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Blockchain in Aviation Industry - Explained

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Blockchain in Aviation Industry - Explained

Blockchain has been identified as one of the technologies that may have a significant impact on the future of aviation, among other drivers of change such as new modes of consumption or the privatization of infrastructure.

The Blockchain technology began earning significant traction when Bitcoin was launched and became famous. It is the underlying technology of Bitcoin and other digital currencies such as Ethereum. While these cryptocurrencies have unlocked innovation in the digital currency space, many use cases leverage Blockchain technology for non-currency related areas.

We are very much used to exchanging information across the Internet, e.g., emails, documents, pictures, but when it comes to exchanging value through the Internet, we are just scratching the surface with Blockchain. Anything of value is naturally more prone to fraud and theft, and in the case of some digital assets, measures need to be put in place to prevent double-spending. In this circumstance, Blockchain is sometimes referred to as the enabler of the Internet of value.

People usually do not realize that transactions are part of most of their daily lives. It could be a credit card company recording a flight ticket purchase, a government registering the ownership of a property title, or Apple iTunes recording a movie’s purchase. Blockchain technology also enables two or more people or organizations to confidently and securely transfer value (e.g., money, data, or a digital asset) electronically from one person or organization to another with or without fewer intermediaries (e.g., a bank).

Blockchain technology advances with bold promises, evidence of value through traction in some use cases, but also with signs of a wave of hype. This technology provides the environment to manage information and, more importantly, value through digital channels. While there is a lot of focus and coverage related to cryptocurrencies built on Blockchain technology, the range of use cases goes well beyond digital currencies. As a general rule of thumb, Blockchain fits well in areas where there is a need to establish trust between multiple parties.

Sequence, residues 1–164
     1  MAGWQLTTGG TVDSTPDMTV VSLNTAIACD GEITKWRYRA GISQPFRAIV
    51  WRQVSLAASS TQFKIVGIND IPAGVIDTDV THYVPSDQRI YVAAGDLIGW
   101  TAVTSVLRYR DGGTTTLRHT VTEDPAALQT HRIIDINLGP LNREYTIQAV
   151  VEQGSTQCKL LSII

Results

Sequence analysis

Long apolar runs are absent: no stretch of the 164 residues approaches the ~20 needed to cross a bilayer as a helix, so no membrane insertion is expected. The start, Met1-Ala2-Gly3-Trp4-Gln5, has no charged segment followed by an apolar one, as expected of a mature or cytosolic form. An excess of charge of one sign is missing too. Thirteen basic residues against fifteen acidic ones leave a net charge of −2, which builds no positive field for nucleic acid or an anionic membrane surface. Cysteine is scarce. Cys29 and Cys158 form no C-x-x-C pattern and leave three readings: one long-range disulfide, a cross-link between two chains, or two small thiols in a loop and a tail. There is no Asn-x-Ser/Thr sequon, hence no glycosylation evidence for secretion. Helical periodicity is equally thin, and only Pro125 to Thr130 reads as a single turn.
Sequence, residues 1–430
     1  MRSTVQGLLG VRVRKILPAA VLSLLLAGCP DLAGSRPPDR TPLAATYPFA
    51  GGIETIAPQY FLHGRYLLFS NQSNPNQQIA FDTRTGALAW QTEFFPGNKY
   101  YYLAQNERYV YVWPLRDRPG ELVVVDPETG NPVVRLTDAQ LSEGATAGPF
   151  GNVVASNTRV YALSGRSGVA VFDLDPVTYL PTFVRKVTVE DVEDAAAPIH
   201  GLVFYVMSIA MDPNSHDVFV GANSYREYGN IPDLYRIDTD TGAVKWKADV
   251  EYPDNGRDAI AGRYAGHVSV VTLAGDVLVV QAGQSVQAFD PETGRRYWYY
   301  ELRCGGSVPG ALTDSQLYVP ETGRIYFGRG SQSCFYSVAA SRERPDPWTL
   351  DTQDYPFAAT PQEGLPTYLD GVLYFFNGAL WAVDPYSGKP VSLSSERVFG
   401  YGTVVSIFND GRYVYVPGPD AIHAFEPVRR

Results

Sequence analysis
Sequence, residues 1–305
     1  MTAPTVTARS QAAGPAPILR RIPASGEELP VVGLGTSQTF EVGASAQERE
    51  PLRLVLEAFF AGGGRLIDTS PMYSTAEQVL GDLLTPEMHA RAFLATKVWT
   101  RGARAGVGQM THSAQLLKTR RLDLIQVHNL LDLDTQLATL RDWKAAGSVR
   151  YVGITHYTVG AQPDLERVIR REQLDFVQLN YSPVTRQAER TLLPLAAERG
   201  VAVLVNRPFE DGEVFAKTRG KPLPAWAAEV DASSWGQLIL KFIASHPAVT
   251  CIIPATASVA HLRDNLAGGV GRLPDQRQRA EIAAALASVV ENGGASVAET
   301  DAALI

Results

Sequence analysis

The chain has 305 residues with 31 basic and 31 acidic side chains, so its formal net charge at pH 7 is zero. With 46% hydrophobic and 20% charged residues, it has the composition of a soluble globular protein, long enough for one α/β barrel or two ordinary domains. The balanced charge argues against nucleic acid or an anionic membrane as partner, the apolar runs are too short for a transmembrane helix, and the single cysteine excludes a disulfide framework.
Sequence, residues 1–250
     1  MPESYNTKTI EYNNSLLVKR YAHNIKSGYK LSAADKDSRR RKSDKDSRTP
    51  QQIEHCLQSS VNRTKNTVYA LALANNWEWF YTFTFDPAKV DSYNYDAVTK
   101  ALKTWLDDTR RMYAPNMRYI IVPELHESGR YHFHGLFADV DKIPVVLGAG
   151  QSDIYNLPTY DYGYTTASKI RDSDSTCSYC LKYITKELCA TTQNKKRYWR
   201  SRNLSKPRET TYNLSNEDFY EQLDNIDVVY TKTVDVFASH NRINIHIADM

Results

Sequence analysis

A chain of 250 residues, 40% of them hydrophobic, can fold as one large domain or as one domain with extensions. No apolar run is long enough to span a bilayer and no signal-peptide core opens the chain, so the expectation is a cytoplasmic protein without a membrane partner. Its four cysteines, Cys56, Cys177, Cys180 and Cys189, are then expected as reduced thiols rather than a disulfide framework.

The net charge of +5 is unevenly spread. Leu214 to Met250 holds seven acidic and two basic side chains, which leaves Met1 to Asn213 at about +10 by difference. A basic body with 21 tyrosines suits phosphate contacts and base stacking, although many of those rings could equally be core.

Generic Areas of Application

Blockchain technology has various ranges of applicability regardless of the industry. The distribution of a wide range of use cases has led to the following non-exhaustive generic areas of application.

1. Smart Contracts

The commercial aviation value chain involves many entities (e.g., aircraft manufacturers, airlines, travel agents, airports, ground handlers, and other industry suppliers) who depend on each other for products and services to serve the customers. The Blockchain technology is suitable to streamline the procure-to-pay process through the use of Smart Contracts.

For example, to manage payment upon delivery of services by encoding the amount to be paid, the services to deliver, and the conditions (e.g., date, service level agreement) in a smart contract. To avoid disputes, automated neutral data sources (i.e., Oracles) can be used to confirm the service’s delivery and conditions. This could eradicate the need for monitoring, invoicing, reconciliation, and the settlement process.

In resemblance, the vending machine as a concept is the closest thing to a smart contract, i.e., if a certain amount of money has been inserted and a specific item number has been entered, a particular product is pushed out and delivered. The method is independent, and the contract has been pre-defined in the algorithm of the vending machine.

2. Tokenization

Tokenizing assets has the benefit of easing accounting and reconciliation. Still, it also prevents digital assets from being double spent, e.g., a compensation voucher given to a passenger should not be consumed more than once. Compensation vouchers, especially frequent flier loyalty points, remain on the balance sheet as a liability until the passenger uses them.